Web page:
Massachusetts

Massachusetts has one of the oldest continuing culinary traditions in the United States. This is not surprising when we consider that it is one of the oldest parts of the country. Here was established the first American culinary school ever: the Boston Cooking School, founded in 1877 by the Women’s Education Association of Boston. The stated purpose of the institute was “to offer instruction in cooking to those who wished to earn their livelihood as cooks, or who would make practical use of such information in their families.”

Other schools

Among the other famous cooking schools in the state are:

Massachusetts cuisine

Being located as it is along the Atlantic coast, Massachusetts has always been a major center of the fishing industry, and seafood features prominently in the state’s cuisine. Cranberries are also widely grown here. Some famous Massachusetts recipes include:

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  • New England clam chowder: thicker than other kinds, often made with potatoes and onions and eaten with oyster crackers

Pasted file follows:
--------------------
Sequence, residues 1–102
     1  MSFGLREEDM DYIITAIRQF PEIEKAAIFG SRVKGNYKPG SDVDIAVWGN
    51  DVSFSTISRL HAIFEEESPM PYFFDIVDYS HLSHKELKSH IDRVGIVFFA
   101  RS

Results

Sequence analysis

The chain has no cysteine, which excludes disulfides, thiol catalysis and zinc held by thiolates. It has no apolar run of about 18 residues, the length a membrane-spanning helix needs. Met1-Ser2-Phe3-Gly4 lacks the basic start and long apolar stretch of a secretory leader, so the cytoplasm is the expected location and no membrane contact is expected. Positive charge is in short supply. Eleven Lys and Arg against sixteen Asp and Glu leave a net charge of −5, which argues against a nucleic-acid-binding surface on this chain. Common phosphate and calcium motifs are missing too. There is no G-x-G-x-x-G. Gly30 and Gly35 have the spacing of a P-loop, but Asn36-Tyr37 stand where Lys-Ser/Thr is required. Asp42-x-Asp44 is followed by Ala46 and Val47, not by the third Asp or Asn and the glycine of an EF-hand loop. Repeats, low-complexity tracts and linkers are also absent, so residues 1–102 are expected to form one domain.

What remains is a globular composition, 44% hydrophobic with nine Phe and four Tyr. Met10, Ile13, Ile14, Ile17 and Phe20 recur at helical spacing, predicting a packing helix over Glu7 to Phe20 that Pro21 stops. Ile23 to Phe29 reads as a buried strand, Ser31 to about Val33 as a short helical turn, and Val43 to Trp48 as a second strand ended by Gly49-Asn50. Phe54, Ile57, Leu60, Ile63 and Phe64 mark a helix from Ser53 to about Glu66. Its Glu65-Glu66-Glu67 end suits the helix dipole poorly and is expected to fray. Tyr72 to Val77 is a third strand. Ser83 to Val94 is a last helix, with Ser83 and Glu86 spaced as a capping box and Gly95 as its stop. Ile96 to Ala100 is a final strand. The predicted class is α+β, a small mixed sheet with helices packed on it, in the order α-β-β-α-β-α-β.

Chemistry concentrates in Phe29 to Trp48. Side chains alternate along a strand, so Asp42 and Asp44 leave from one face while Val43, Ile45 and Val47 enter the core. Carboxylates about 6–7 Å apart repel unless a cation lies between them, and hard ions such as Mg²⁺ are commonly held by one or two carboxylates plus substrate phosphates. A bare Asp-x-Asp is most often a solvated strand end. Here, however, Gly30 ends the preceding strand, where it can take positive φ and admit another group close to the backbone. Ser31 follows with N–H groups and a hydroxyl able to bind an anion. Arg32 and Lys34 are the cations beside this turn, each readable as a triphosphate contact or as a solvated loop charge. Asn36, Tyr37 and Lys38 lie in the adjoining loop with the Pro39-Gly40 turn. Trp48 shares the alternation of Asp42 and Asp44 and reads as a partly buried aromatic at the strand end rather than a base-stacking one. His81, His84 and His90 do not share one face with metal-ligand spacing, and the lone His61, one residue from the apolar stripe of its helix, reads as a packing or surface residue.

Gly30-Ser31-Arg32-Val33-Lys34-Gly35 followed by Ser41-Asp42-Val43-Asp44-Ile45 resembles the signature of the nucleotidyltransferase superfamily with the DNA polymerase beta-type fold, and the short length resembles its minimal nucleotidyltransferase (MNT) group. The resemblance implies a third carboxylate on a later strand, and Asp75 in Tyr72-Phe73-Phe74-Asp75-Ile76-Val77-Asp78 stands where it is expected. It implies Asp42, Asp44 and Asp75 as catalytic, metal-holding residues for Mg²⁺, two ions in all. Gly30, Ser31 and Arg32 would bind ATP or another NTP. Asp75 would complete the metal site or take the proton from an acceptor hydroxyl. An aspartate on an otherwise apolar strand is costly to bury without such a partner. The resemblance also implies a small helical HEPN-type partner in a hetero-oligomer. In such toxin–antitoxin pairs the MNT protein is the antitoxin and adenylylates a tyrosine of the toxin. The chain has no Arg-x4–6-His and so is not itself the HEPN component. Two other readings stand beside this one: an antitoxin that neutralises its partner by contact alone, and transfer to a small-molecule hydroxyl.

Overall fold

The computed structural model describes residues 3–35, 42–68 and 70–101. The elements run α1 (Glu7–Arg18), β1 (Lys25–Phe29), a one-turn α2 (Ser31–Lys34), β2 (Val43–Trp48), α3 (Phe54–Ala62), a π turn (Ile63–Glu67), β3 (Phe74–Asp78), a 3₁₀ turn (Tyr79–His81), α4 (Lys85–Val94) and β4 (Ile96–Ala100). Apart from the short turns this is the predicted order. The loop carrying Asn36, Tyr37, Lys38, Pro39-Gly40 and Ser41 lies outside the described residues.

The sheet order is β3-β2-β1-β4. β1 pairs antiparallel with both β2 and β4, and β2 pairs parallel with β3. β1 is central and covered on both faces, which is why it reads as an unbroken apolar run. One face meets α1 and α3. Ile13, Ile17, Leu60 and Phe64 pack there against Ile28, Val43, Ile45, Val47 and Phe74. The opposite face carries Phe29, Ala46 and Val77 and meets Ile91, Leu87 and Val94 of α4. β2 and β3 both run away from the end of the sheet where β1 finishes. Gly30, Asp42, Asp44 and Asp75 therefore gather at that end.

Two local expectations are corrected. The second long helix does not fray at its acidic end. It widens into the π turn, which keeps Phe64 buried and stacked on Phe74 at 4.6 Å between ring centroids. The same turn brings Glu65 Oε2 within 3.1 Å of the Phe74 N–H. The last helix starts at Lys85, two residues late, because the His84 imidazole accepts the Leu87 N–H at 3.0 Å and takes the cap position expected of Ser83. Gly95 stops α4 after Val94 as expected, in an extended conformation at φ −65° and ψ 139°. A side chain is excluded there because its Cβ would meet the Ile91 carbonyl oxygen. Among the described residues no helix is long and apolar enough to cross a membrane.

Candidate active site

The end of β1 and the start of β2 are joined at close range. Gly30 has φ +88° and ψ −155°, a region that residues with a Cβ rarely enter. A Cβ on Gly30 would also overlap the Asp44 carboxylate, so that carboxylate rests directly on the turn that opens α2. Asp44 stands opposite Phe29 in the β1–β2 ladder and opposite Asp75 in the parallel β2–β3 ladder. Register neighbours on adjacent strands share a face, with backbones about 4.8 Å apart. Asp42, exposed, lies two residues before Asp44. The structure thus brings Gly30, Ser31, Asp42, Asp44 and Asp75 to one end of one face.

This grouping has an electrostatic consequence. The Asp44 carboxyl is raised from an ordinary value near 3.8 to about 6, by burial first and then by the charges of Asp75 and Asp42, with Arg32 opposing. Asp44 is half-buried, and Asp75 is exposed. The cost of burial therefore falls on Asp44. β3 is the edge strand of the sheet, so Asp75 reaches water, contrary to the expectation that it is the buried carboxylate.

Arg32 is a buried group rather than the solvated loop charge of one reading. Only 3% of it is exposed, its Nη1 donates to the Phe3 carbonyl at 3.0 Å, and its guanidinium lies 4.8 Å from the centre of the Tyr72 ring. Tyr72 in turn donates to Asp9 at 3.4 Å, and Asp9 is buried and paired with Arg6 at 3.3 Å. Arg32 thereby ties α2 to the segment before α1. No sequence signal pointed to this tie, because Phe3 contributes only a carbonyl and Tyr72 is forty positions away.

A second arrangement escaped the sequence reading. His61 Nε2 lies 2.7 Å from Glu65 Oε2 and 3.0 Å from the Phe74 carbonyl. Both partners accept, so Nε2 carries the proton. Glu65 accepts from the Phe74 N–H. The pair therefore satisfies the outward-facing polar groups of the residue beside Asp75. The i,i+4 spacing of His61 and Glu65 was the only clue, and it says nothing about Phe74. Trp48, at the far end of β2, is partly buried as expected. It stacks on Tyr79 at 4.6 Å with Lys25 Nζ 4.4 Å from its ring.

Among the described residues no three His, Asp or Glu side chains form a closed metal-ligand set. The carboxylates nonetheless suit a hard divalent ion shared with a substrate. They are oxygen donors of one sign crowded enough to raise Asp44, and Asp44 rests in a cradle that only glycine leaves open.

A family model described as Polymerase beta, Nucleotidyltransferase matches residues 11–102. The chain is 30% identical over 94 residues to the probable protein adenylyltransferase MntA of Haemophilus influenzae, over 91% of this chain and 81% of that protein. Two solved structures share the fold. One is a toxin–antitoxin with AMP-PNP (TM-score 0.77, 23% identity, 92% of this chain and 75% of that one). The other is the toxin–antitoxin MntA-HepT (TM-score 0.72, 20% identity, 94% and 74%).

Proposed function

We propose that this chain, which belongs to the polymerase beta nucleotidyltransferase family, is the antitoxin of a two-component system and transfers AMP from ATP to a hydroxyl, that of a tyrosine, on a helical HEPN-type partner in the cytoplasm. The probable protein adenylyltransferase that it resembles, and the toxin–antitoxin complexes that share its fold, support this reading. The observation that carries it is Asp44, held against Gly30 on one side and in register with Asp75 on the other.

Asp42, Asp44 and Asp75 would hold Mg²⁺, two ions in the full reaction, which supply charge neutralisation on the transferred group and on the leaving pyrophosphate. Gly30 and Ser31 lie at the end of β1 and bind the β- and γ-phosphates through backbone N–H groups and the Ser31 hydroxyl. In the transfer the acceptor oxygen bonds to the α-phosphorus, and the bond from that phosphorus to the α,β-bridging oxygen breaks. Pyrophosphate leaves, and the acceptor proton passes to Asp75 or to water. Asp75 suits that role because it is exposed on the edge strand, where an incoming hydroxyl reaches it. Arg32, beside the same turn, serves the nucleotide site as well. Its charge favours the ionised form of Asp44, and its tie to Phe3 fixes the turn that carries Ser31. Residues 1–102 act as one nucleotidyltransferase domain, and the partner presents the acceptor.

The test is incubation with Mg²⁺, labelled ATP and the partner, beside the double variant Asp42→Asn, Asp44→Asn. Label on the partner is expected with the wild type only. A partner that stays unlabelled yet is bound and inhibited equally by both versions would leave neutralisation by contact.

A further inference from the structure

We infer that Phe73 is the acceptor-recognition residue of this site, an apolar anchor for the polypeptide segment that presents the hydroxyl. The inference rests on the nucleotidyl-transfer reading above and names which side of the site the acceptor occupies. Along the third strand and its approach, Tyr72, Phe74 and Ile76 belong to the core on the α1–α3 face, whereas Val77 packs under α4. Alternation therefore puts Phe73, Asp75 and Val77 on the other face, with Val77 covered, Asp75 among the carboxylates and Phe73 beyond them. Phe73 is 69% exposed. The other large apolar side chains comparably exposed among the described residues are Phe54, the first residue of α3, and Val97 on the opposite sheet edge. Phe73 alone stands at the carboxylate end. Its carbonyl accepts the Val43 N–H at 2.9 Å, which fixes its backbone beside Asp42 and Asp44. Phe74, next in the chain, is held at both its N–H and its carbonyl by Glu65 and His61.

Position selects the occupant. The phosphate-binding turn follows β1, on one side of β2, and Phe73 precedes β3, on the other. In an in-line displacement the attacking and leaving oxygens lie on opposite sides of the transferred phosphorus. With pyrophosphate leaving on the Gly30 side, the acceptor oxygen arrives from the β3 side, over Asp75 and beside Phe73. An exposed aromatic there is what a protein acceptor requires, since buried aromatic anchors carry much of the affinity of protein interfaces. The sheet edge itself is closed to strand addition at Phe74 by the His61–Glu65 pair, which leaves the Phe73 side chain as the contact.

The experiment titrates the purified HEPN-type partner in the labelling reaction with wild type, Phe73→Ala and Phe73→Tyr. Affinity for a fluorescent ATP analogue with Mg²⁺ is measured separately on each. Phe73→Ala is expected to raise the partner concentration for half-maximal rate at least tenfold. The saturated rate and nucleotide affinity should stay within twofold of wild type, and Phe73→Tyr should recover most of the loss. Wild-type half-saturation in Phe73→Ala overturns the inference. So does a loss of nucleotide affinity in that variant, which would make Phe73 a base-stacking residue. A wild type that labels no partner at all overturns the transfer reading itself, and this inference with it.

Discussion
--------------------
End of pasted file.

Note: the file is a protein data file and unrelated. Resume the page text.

• baked wild turkey with berry stuffing: Massachusetts is one of three states (the other two being South Carolina and Alabama) that have designated the wild turkey as their state birds.
  • cranberry-filled cookies
  • hot cross buns: a popular recipe for Easter
  • corn muffin: This is the state muffin of Massachusetts, believe it or not.
  • Boston cream pie: It even has a state dessert! This is it.
  • five-minute cranberry sauce

The job outlook for chefs in Massachusetts

In general, the career of chef is only average throughout the country. This is because chefs are paid an hourly wage that is below average ($13.71 vs. $18.07) and also because employment has been growing at an above-average rate. In Massachusetts in particular, the job outlook for a chef is not considered to be very good. There are at present only about 4,490 pastry chefs in the state. On the more positive side, Massachusetts is one of the best paying states in which a chef can work.